Climate change leads to altered flowering pathway
- School of Biological Sciences, University of Canterbury, Private Bag 4800, Ilam Christchurch, New Zealand.
- Department of Biochemistry, University of Otago, Dunedin, New Zealand.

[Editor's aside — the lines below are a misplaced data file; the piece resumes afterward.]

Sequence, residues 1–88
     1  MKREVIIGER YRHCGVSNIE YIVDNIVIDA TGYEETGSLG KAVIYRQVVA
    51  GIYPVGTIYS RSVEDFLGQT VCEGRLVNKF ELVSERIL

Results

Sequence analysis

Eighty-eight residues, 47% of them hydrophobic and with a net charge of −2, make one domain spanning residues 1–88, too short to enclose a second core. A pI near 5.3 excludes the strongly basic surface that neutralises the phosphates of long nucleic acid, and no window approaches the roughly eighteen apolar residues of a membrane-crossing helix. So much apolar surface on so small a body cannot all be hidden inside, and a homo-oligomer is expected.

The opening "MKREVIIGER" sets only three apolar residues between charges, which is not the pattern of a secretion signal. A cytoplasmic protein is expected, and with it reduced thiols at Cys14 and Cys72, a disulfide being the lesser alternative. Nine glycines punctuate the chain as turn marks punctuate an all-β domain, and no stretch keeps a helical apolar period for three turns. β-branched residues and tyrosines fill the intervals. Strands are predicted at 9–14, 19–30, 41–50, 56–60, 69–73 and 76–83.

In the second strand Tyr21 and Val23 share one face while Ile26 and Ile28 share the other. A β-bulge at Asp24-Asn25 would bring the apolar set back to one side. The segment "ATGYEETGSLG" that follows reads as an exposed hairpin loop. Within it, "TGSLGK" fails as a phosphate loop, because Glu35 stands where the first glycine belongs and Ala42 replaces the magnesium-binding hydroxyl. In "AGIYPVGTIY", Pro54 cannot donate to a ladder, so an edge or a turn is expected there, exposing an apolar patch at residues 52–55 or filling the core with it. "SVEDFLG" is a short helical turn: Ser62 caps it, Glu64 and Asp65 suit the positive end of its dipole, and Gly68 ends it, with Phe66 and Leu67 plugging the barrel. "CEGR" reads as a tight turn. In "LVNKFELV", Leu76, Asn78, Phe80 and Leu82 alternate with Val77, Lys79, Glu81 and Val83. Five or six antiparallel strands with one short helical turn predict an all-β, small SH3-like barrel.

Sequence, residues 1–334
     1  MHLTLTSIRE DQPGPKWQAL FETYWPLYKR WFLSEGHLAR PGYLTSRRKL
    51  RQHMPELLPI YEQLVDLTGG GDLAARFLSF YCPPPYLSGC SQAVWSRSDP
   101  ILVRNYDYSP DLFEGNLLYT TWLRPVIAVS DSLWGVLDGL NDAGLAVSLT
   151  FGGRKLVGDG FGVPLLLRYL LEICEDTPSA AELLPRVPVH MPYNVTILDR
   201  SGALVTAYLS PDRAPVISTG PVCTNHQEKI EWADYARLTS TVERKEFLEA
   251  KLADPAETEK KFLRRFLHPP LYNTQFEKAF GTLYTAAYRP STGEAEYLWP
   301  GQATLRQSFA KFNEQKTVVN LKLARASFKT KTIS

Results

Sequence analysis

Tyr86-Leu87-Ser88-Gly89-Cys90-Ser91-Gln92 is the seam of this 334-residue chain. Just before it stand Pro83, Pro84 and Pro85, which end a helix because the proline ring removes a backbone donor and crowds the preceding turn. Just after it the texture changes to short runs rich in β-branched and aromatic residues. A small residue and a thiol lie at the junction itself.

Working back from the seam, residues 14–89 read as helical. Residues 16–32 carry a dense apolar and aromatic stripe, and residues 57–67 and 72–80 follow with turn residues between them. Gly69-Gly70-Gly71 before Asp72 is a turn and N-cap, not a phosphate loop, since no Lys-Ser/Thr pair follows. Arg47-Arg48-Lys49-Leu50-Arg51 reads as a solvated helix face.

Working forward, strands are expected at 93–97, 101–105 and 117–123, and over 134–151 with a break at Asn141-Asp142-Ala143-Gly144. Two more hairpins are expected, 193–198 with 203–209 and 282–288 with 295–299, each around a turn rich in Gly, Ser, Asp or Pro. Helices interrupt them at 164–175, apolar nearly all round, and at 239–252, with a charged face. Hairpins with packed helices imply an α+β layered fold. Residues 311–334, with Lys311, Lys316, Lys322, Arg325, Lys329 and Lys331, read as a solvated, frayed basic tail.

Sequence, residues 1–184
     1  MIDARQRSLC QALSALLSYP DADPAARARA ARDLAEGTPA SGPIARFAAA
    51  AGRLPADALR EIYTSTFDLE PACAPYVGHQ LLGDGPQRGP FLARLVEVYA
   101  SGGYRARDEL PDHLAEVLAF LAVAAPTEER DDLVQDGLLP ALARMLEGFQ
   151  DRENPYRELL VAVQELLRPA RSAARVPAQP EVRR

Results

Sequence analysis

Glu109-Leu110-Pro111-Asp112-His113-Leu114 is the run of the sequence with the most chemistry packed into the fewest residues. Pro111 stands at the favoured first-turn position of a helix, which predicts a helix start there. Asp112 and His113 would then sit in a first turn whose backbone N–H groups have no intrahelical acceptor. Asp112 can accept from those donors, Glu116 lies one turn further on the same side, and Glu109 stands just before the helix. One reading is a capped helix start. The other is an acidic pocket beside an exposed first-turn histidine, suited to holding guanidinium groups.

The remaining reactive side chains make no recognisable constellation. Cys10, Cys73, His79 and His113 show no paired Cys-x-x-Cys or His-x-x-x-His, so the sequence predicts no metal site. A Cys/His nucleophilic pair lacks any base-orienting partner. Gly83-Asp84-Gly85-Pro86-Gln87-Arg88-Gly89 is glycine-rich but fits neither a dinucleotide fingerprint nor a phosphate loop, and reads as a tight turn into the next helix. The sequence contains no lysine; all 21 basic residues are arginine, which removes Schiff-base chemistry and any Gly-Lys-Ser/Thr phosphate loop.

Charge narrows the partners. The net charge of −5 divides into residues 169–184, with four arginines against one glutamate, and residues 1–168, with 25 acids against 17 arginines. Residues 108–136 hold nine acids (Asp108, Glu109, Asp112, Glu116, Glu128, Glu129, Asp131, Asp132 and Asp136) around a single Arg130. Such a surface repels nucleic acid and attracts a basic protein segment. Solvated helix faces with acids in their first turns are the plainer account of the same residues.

Mast flowering is synchronised highly variable flowering by a population of perennial plants such as Chionochloa (Poaceae), over a wide geographical area. The ΔT model hypothesizes that the size of the temperature difference between successive summers determines each year’s flowering intensity. Currently, in model plant species we know that the flowering process is regulated by various transcription factors and micro-RNAs in response to a temperature change. GIGANTEA-HD1-Hd3a is the main flowering pathway conserved among the monocot species. The current study deals with the identification of a possible pathway controlling temperature-mediated masting in plants. By translocating plants we demonstrated that giving a large positive ΔT produces heavy flowering in Chionochloa which is sometimes premature (winter instead of summer). Gene expression studies suggest that the premature flowering could be an attribute of GIGANTEA-dependent but HD1-independent flowering pathway. RNA-seq was employed to identify the key flowering gene(s) involved. The RNA-seq data were validated using RT-qPCR in samples from flowering and non-flowering plants over an altitudinal range across seasons. The study suggests that a large positive ΔT can provoke heavy flowering through two different pathways, one of which results in premature flowering. The change in the flowering response can decrease the reproductive competency and reproductive output of a plant species. Such changes can have also contrasting effects on the interactions between plant species and suggest that global change may skew flowering patterns in mast seeding plants.